Occupational disease claims require the following elements: A contracted disease, as the result of and in the course of employment, which leads to a disablement. The ailment or illness must also be an expectable consequence of the specific working conditions inherent to the employment.
Teachers, paraprofessionals, school personnel, bus aides, and others whose work requires them to interact closely with members of the public are at increased risk of infection. They are compelled, by the nature of their employment, to work with the general population to a degree far exceeding the governmental health regulations/dictates currently in effect pertaining to the general public. It is universally believed that the infectious properties of this pandemic include contagion via community transfer by asymptomatic individuals. Our expectation is that employers and their insurers will deny workers’ compensation benefits to afflicted employees. It is foreseeable that they will contest claims relying on the notion that viral contraction is a general public threat, and that the source of contagion is therefore unidentifiable.
Accordingly, it is VITAL that all workers subjected to the transmission of this virus as a consequence of their employment diligently document any potential work-related exposures. This shall include, but not be limited to, keeping a journal of the following:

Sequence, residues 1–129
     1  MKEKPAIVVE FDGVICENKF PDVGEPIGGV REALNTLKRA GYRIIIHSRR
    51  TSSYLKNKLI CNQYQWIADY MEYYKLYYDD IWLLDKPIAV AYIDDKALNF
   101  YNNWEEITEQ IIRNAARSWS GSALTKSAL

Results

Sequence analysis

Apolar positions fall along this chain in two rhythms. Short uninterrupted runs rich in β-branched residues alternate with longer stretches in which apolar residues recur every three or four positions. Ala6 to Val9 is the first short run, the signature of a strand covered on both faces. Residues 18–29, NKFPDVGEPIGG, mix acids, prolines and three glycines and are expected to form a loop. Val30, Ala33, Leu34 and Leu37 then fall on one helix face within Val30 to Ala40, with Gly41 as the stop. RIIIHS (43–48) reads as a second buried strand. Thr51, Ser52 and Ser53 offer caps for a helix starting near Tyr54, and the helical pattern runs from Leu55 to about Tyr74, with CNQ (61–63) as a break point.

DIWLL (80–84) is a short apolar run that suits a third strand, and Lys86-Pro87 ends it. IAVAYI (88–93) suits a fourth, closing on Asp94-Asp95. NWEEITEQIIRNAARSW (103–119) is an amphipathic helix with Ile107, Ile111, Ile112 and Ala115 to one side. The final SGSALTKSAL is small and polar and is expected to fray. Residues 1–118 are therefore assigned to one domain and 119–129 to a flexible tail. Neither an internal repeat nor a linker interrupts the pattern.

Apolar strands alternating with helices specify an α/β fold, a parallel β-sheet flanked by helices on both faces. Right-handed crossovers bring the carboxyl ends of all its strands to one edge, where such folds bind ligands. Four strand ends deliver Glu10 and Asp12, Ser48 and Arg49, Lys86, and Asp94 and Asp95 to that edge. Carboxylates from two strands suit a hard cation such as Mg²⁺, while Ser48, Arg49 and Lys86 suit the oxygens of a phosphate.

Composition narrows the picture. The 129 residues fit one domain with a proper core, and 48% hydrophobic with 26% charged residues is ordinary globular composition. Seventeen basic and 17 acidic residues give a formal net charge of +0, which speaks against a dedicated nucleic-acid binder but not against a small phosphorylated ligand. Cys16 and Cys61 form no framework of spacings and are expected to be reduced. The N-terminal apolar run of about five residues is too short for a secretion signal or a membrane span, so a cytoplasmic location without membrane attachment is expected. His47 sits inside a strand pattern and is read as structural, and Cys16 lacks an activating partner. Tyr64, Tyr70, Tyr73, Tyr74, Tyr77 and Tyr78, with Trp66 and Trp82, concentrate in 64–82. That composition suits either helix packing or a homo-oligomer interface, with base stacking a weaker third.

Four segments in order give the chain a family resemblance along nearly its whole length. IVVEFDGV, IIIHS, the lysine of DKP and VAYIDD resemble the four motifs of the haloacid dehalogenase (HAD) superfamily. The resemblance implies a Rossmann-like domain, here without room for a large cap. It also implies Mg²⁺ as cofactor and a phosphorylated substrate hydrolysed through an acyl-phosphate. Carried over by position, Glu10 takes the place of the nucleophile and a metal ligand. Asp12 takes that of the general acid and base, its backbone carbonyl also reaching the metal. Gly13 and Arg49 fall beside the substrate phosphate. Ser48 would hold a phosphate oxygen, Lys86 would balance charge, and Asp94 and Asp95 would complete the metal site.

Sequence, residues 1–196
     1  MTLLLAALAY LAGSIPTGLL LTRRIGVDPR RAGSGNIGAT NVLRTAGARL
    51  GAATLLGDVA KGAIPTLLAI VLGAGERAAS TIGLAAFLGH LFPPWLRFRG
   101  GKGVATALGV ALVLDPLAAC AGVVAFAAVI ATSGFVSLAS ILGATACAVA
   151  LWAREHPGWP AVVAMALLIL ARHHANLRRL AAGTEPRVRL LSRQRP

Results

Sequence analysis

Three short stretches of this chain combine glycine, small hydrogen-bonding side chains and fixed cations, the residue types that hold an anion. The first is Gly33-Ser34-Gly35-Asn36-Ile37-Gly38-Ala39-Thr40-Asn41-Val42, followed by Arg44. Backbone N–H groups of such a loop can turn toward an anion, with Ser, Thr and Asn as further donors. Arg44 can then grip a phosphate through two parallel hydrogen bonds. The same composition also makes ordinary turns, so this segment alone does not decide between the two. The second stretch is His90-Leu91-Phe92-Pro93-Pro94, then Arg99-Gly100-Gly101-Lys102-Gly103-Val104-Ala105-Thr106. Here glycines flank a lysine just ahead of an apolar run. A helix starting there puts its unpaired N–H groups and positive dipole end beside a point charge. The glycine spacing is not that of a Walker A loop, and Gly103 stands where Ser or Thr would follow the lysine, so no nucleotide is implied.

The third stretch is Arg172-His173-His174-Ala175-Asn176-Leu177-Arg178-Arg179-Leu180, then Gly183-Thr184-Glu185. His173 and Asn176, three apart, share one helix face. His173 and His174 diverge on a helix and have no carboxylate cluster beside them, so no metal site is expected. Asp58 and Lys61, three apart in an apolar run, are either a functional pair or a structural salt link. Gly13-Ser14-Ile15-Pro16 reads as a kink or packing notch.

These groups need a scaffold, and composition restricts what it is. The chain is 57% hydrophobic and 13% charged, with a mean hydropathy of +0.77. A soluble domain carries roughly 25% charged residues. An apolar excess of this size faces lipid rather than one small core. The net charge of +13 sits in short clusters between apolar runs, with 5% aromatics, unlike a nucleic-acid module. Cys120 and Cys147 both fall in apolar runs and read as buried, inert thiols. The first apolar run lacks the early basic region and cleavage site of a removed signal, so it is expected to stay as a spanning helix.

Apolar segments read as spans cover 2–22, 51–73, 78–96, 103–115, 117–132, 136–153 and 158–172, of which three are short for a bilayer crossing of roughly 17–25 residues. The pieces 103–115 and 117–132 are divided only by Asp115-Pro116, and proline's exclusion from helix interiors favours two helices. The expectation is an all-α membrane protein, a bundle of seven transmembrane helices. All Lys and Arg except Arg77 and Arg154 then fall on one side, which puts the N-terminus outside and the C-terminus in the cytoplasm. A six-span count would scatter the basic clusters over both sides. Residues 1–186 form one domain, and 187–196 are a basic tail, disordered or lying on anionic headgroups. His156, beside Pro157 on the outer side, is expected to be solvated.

- Direct or indirect contact with co-workers or anyone who has been diagnosed with the virus or exhibiting cold or flu-like symptoms;
- the development and/or progression of any physical symptoms;
- circumstances required by the employer which do not allow for recommended social distancing;
- work requirements which result in unavoidable exposure(s) to gatherings;
- instances which do not practically allow employees to exercise recommended hygiene regiments; and
- any correspondence or notifications from the employer regarding risks, guidelines, and procedures.
The application of existing laws to unique circumstances often results in, at least initially, a period of uncertainty. It is not currently clear which COVID-19 cases will be treated as workers’ compensation claims. It is incumbent on all of us to be proactive in preparation for the unfortunate possibilities we face. This is especially imperative for attorneys who advocate on behalf of employees affected by this emergency. Thorough anticipation and advanced planning are essential elements of any crisis response, including the upcoming legal challenges which lie ahead for so many of those working to protect our communities.
Employees should feel free to call us at 410-244-1010, or email Dan Udoff at email@example.com.